First, I took apart the whole turtledeck assembly. I deburred and cleaned all the parts, reassembled everything, and riveted, and riveted some more. Finally, it’s all done.

There are some minor indentations from rivets where the interior formers didn’t push all the way up to the skin. Despite my efforts in prep, I didn’t seem to get the formers to stretch all the way out to the skin. There was a half inch gap in some cases before I bent them down to 1/8” gaps. It could have been much worse. I’m not too worries because, one, they are minor, and two, I believe I can fill them with micro balloons before painting so none will know. Come to think of it, my Piper Archer had indentations at rivet locations too… so maybe it’s fairly normal.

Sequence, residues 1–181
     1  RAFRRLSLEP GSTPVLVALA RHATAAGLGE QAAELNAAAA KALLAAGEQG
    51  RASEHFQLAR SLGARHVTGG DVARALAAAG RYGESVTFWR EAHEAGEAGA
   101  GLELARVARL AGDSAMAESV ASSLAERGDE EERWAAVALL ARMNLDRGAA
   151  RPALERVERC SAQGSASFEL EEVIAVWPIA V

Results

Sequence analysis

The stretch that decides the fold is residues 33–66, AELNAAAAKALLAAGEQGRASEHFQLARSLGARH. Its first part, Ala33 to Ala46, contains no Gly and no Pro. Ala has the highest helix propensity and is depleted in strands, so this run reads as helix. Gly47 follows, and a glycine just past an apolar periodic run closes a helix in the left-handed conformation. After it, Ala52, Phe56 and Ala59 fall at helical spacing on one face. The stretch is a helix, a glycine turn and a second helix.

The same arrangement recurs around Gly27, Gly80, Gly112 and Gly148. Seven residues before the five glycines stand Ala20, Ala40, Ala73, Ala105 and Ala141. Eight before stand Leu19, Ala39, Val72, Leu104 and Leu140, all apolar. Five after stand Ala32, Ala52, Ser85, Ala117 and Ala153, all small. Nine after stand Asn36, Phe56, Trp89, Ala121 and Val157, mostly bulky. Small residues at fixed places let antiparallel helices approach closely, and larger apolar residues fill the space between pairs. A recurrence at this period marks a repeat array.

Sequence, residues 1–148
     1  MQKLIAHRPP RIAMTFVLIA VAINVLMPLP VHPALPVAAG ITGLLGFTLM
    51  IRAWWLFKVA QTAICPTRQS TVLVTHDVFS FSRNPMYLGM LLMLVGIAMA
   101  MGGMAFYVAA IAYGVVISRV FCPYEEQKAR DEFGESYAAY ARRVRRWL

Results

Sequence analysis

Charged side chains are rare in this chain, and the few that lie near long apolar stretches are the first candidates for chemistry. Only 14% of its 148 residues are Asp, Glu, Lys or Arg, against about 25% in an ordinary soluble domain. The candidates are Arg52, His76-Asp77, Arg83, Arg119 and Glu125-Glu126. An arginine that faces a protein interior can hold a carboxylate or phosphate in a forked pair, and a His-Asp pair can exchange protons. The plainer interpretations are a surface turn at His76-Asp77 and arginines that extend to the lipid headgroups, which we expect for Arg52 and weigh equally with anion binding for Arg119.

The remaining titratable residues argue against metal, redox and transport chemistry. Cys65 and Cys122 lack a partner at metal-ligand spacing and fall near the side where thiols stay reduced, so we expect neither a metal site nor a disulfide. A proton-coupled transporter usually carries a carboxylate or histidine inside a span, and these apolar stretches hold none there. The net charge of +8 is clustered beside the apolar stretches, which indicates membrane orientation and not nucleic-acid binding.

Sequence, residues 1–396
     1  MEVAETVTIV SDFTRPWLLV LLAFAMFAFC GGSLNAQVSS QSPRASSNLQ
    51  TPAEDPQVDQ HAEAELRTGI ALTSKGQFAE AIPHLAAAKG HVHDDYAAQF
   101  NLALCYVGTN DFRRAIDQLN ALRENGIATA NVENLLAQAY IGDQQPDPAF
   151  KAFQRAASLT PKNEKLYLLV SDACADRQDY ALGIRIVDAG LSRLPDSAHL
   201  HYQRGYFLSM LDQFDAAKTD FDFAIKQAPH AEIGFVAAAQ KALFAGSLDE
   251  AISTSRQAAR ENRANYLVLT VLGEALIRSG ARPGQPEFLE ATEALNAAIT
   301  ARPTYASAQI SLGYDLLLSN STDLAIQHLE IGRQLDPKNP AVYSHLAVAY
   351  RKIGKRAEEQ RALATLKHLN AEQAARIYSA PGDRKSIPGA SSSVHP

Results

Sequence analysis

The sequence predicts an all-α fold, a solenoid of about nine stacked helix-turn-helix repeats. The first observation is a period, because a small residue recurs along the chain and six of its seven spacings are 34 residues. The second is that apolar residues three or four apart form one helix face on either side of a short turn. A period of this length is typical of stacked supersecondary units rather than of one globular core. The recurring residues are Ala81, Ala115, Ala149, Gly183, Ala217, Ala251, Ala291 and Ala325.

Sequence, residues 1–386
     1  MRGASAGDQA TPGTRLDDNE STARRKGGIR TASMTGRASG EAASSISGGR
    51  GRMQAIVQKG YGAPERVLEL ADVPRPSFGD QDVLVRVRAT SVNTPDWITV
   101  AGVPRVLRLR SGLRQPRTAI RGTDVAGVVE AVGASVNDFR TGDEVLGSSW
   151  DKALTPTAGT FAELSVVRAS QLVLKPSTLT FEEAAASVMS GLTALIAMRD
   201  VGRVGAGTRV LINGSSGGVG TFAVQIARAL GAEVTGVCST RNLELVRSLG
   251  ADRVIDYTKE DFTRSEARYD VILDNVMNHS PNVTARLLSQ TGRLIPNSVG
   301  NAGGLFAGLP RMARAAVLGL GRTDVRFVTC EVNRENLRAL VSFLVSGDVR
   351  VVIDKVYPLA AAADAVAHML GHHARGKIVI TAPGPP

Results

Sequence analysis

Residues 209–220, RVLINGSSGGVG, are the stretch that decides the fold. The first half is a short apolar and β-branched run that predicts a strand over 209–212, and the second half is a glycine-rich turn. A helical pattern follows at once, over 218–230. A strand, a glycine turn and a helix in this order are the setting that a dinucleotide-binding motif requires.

On to the fuselage box. This is an involved step in the plans. And for the first time, it calls out for parts further ahead in the plans. I started by lining up the sides with the fuselage tail. At first it seemed to fit perfectly. But then I noticed that holes in parts already fastened to the tail didn’t line up exactly with the those on the box sides. Hmmmm. It could be I bent parts too much or installed them wrong… but I’m pretty sure all my bends were right on, and all of these parts had pilot holes so I couldn’t have installed them wrong. Perhaps this it’s normal that two complext parts don’t fit perfectly.

I resorted to dilling the holes again. In some cases, it made the holes slightly bigger. That’s not a problem because I’ll be updrilling anyway. In other cases, the holes turned into ovals, or figure 8s, or even an adjacent hole. I’ll have to address these case by case and add reinforcement plates if necessary.

It was confusing to proceed without the floor inplace so I removed the side panels, turned them upside down and drilled out the holes for the floor. Then my time was up for the day.

Turtledeck Finished Fuselage Box Begun